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Actor, director Charles Nelson Reilly dies

LOS ANGELES, May 28 (UPI) -- Charles Nelson Reilly, a Tony-winning actor known for his ribald humor, has died from complications of pneumonia in Los Angeles at the age of 76.

Repressed memory is cultural creation

BOSTON, Feb. 26 (UPI) -- Researchers at Harvard Medical School said the disorder known as repressed memory has a cultural rather than a scientific basis.

The Almanac

UPI almanac for Sunday, Dec. 10, 2006.
By United Press International

The Almanac

UPI almanac for Saturday, Oct. 28, 2006.
By United Press International

The Almanac

UPI almanac for Tuesday, Oct. 3, 2006.
By United Press International

The Almanac

Today is Wednesday, July 5, the 186th day of 2006 with 179 to follow.
By United Press International

The Almanac

The weekly UPI Almanac package for July 3-9, 2006.
By United Press International

The Almanac

Today is Saturday, Dec. 10, the 344th day of 2005 with 21 to follow.
By United Press International

The Almanac

Today is Friday, Oct. 28, the 301st day of 2005 with 64 to follow.
By United Press International

The Almanac

Today is Monday, Oct. 3, the 276th day of 2005 with 89 to follow.
By United Press International

The Almanac

Today is Tuesday, July 5, the 186th day of 2005 with 179 to follow.
By United Press International

The Almanac

Today is Friday, Dec. 10, the 345th day of 2004 with 21 to follow.
By United Press International

The Almanac

Today is Thursday, Oct. 28, the 302nd day of 2004 with 64 to follow.
By United Press International

Emory University gets huge poetry trove

ATLANTA, Oct. 1 (UPI) -- Atlanta's Emory University has received a gift of one of the largest private poetry collections, some 60,000 volumes and other items on 20th century poetry. Stephen Ennis, director of special collections at Emory's Robert W. Woodruff Library said Thursda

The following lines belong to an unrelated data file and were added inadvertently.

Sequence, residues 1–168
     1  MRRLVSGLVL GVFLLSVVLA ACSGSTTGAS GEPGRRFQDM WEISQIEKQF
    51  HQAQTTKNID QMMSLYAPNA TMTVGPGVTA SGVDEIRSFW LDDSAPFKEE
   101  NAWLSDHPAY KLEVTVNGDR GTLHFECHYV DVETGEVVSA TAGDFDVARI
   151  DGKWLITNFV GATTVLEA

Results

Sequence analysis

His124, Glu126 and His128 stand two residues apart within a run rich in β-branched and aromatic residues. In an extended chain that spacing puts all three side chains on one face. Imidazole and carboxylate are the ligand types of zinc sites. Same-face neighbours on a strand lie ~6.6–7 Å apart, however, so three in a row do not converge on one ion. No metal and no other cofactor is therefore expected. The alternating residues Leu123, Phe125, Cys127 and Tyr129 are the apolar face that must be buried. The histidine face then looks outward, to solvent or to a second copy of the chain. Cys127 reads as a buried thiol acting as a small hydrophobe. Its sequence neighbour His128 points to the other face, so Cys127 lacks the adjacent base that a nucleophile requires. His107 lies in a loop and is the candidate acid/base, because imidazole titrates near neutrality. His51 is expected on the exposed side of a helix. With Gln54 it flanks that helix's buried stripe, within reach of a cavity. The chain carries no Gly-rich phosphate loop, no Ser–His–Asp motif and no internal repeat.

The Almanac

The UPI Almanac for Monday, July 5, 2004.
By United Press International
Page 2 of 4
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Emily Dickinson
Wiki

Emily Elizabeth Dickinson (December 10, 1830 – May 15, 1886) was an American poet. Born in Amherst, Massachusetts, to a successful family with strong community ties, she lived a mostly introverted and reclusive life. After she studied at the Amherst Academy for seven years in her youth, she spent a short time at Mount Holyoke Female Seminary before returning to her family's house in Amherst. Thought of as an eccentric by the locals, she became known for her penchant for white clothing and her reluctance to greet guests or, later in life, even leave her room. Most of her friendships were therefore carried out by correspondence.

Although Dickinson was a prolific private poet, fewer than a dozen of her nearly eighteen hundred poems were published during her lifetime. The work that was published during her lifetime was usually altered significantly by the publishers to fit the conventional poetic rules of the time. Dickinson's poems are unique for the era in which she wrote; they contain short lines, typically lack titles, and often use slant rhyme as well as unconventional capitalization and punctuation. Many of her poems deal with themes of death and immortality, two recurring topics in letters to her friends.

Although most of her acquaintances were probably aware of Dickinson's writing, it was not until after her death in 1886—when Lavinia, Emily's younger sister, discovered her cache of poems—that the breadth of Dickinson's work became apparent. Her first collection of poetry was published in 1890 by personal acquaintances Thomas Wentworth Higginson and Mabel Loomis Todd, both of whom heavily edited the content. A complete and mostly unaltered collection of her poetry became available for the first time in 1955 when The Poems of Emily Dickinson was published by scholar Thomas H. Johnson. Despite unfavorable reviews and skepticism of her literary prowess during the late 19th and early 20th century, critics now consider Dickinson to be a major American poet.

This article is licensed under the GNU Free Documentation License.
It uses material from the Wikipedia article "Emily Dickinson."
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